Students can leave if content is too distressing
A leading criminal barrister has taken aim at Oxford University law students after it emerged that they were being officially notified ahead of potentially distressing lectures about rape and sexual assault.
The “trigger warnings” have been suggested by the law faculty’s director of studies, with lecturers told to “bear in mind” bracing students for upsetting cases they might be about to study — and give them the option to leave if necessary.
Today an unnamed Oxford student was quoted in the Mail on Sunday as confirming that the warnings are being implemented, commenting:
Before the lectures on sexual offences — which included issues such as rape and sexual assault — we were warned that the content could be distressing, and were then given the opportunity to leave if we needed to.
This riled Pump Court Chambers’ Matthew Scott (pictured) as he took to social media this afternoon to label the students as “Delicate Oxford flowers”.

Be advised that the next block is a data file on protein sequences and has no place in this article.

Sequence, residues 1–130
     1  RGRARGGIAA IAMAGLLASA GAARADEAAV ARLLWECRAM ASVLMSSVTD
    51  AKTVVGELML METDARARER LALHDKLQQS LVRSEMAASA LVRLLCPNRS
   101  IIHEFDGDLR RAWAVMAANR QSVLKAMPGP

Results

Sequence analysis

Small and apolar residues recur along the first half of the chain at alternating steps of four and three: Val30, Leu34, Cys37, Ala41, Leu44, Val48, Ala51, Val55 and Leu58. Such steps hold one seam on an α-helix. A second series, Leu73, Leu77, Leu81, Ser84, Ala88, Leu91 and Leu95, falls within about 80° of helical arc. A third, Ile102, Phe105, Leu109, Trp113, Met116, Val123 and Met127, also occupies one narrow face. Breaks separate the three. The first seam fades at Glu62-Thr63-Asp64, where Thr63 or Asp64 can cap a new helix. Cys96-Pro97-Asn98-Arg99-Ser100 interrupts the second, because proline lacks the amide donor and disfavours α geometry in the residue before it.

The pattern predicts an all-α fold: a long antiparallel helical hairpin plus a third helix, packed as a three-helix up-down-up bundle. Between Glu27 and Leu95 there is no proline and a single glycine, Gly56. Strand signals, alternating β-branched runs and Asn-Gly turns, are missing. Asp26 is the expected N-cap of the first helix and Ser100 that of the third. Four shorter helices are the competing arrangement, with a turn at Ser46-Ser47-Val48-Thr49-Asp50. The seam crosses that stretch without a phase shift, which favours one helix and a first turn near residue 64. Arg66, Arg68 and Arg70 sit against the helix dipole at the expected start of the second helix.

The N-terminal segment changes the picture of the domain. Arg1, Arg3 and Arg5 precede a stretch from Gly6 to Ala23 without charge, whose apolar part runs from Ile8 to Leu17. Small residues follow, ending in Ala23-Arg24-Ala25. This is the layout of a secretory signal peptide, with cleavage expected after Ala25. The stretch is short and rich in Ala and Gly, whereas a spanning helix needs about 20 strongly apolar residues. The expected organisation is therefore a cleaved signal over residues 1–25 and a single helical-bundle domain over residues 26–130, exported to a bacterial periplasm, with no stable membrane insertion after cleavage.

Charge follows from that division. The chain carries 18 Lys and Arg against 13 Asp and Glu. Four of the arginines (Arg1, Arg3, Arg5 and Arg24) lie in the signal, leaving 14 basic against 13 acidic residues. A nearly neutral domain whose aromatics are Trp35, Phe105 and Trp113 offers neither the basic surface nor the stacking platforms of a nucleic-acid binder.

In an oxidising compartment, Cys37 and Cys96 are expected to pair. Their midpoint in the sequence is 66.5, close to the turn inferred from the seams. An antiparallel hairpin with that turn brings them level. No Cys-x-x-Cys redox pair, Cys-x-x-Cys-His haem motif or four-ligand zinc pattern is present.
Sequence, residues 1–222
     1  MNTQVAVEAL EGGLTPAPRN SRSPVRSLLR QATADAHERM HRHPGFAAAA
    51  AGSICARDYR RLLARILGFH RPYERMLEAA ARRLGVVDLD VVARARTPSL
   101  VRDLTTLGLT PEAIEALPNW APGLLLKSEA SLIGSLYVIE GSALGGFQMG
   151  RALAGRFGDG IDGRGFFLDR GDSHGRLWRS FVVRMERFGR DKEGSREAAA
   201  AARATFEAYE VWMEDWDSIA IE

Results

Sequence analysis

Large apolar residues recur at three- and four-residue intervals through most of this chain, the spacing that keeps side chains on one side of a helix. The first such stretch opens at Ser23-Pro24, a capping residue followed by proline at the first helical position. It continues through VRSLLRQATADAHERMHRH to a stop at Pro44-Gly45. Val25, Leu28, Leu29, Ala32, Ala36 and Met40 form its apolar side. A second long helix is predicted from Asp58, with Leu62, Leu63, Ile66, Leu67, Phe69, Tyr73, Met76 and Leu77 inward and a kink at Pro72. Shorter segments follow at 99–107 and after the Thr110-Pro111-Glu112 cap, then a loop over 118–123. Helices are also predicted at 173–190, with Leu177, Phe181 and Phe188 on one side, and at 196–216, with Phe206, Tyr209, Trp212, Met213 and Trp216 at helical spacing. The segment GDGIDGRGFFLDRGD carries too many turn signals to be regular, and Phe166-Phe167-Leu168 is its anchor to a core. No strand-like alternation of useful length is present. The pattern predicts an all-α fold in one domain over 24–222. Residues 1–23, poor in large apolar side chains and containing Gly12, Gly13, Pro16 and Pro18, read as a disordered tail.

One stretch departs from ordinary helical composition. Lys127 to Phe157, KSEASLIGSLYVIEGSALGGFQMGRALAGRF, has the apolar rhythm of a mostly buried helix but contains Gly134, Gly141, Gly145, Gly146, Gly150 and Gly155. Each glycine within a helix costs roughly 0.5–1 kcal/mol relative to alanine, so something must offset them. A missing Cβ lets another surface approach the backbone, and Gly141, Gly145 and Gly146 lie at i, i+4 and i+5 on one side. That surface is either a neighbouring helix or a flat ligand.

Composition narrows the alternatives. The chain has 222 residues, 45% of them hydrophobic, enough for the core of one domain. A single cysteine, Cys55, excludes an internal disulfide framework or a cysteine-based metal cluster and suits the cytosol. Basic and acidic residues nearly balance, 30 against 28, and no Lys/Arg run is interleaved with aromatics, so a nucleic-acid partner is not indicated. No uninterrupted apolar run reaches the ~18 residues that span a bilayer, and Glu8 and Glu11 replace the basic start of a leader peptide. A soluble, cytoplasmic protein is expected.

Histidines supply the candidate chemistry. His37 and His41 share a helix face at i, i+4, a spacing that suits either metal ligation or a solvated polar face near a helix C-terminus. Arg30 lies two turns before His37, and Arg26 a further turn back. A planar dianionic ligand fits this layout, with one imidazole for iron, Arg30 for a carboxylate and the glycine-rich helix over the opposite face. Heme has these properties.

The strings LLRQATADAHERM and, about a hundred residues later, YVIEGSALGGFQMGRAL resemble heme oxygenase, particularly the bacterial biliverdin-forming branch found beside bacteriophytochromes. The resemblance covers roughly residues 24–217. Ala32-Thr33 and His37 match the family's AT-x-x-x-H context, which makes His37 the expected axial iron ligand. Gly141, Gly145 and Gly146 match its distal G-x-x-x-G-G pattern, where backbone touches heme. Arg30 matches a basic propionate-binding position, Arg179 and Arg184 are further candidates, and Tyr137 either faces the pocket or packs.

The barrister — who is one of the most followed UK lawyers on Twitter thanks to his regular blogging and media appearances — continued:
Being high-fliers, perhaps they thought that law was just about the Leasehold Enfranchisement Reform Act 1967.
Scott, whose chambers website describes him as “a specialist criminal advocate with considerable expertise in defending allegations of rape and child cruelty”, clearly believes that cosseted millennials need to toughen up.
It seems that that the Pump Court man has an ally in Oxford law lecturer Professor Laura Hoyano. Last week The Tab reported that Hoyano delivered her own tongue-in-cheek trigger warning, as she warned students “from a farming family” that she intended to discuss a case about foot and mouth.
And today she told the Mail on Sunday:
We can’t remove sexual offences from the criminal law syllabus — obviously. If you’re going to study law, you have to deal with things that are difficult.
Oxford University has issued this statement:
The university aims to encourage independent and critical thinking and does not, as a rule, seek to protect students from ideas or material they may find uncomfortable. However, there may be occasions when a lecturer feels it is appropriate to advise students of potentially distressing subject matter.